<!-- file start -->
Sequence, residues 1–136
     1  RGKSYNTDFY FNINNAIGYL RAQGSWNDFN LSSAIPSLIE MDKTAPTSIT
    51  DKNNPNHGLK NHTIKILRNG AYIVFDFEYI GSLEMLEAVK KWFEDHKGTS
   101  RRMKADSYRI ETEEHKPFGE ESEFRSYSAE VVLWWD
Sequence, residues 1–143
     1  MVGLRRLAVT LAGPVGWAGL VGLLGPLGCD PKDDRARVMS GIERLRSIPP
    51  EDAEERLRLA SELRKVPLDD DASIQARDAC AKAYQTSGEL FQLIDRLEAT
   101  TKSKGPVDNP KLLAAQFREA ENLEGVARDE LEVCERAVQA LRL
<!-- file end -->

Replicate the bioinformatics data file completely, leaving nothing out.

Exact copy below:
Sequence, residues 1–136
     1  RGKSYNTDFY FNINNAIGYL RAQGSWNDFN LSSAIPSLIE MDKTAPTSIT
    51  DKNNPNHGLK NHTIKILRNG AYIVFDFEYI GSLEMLEAVK KWFEDHKGTS
   101  RRMKADSYRI ETEEHKPFGE ESEFRSYSAE VVLWWD
Sequence, residues 1–143
     1  MVGLRRLAVT LAGPVGWAGL VGLLGPLGCD PKDDRARVMS GIERLRSIPP
    51  EDAEERLRLA SELRKVPLDD DASIQARDAC AKAYQTSGEL FQLIDRLEAT
   101  TKSKGPVDNP KLLAAQFREA ENLEGVARDE LEVCERAVQA LRL